The return of the gray wolf to the Northern Rockies is one of the greatest conservation success stories of our time. But as wolves expand their range, ranchers and rural community members have been faced with new challenges of living with wolves and other predators on the landscape.
Over the last decade, Keystone has worked with ranching community members, agencies, and citizens, to find proactive solutions such as Range Riders to decrease wolf-livestock conflicts and create and maintain habitat for predators and other wildlife.
Through our Range Rider projects over the years, we have learned that for riders to be effective at deterring predator conflicts, livestock needs to be moved away from known wolf presence and herded or bunched. Herding cattle is not typically done, particularly on summer grazing range, and yet it is a key predator deterrence strategy.
Traditionally, livestock producers turn cattle out onto public lands each summer, returning four months later to collect them and with little to no management during that time. This approach – continuous or unmanaged grazing – reduces habitat for predators and other wildlife, encourages predation, degrades rangelands, negatively impacts riparian areas, and decreases biodiversity.
Rodearing, involves a set of Range Riders keeping cattle bunched and moving.
There are a few livestock management approaches that utilize the key elements of herding and moving cattle. Holistic Management, or Holistic Planned Grazing, championed by Allan Savory and others is one such method. This approach seeks to have cattle intensively graze an area, then move off that area to let it rest. Not allowing the cattle to return to previously grazed areas makes the grass plants healthy and actually restores areas that have been over-grazed in the past. There are numerous other benefits to this approach such as weed control and stream bank restoration.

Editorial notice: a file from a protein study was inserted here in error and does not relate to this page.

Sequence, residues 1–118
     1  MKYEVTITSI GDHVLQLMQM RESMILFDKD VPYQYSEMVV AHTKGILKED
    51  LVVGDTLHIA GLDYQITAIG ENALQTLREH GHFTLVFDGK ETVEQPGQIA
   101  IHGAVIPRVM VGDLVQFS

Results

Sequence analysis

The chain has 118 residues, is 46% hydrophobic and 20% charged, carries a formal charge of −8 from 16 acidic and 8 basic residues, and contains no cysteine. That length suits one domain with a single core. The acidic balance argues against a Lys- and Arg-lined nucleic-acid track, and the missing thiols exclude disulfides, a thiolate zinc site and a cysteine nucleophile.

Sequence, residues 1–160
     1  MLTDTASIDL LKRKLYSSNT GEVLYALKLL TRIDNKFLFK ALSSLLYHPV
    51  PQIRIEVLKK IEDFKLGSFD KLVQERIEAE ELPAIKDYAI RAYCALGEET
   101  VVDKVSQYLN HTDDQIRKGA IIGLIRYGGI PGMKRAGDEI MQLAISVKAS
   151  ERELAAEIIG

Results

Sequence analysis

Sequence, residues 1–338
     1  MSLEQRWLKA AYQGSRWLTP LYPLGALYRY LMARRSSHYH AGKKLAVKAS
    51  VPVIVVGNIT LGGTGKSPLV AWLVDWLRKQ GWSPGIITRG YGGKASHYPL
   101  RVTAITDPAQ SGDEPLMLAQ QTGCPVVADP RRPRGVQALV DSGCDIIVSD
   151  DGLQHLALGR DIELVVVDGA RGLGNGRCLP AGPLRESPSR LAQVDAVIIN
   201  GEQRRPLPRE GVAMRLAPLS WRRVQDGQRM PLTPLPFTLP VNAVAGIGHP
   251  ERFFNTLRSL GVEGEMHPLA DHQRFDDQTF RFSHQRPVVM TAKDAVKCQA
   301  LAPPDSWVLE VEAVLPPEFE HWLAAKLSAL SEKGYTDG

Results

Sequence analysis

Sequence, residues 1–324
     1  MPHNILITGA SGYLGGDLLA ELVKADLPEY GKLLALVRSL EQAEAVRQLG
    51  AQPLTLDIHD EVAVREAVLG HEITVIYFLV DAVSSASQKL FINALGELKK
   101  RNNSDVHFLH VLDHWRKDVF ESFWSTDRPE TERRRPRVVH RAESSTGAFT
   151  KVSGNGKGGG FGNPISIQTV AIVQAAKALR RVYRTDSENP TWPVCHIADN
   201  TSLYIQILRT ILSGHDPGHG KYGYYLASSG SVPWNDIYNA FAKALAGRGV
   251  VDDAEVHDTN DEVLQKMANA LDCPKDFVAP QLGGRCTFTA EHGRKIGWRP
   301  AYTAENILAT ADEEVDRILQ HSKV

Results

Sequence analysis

This method is not only good for range health but also represents the most promising tool for preventing predator conflicts. Herding or bunching cows replicates the natural protective behaviors of ungulates and discourages attacks. Bunching can be done with the use of range riders and herding dogs; other tools including fladry (flagged fencing) are used.
Fladry (flagged fencing), used after the “rodear” while cattle are resting and grazing, limit their movement and helping protect them from predators.
Keystone is committed to helping producers who are using these conservation-focused ranching methods. In the summer of 2012, Keystone partnered with Garl Germann, livestock manager of Germann Ranch, Inc., in Southwest Montana, to test and refine application of holistic range methods on Germann’s 18,000-acre grazing allotment on the Beaverhead-Deerlodge National Forest.
The project has several objectives: predator deterrence, weed reduction, riparian area restoration, range health and biodiversity increase, water quality enhancement, and livestock performance (profitability). A key element of this approach, called “rodearing,” is a range rider keeping cattle bunched and moving, with the help of herding dogs. Fladry (flagged fencing) is used after the rodear while cattle are resting and grazing but to limit their movement and protect them from predators.
Over the years riparian areas have become eroded and destroyed. HRM helps restore these areas and allows regrowth to occur on cutbanks.
Holistic Range Management has long been practiced in other parts of the world and has taken hold in the American Southwest to restore brittle rangelands. Through the Keystone-Germann project, we are just now beginning to establish it in the Northern Rockies where we have the full suite of large carnivores.
The project is designed to act as a model for other producers in the Northern Rockies, and Keystone is hopeful these holistic ranching elements will take hold in this region to create healthier rangelands, increase wildlife habitat and biodiversity, and reduce predator conflicts – as well as human-human conflicts about predators!
Check out the project’s Facebook page
In the Press: Bozeman Daily Chronicle Article, August 12, 2012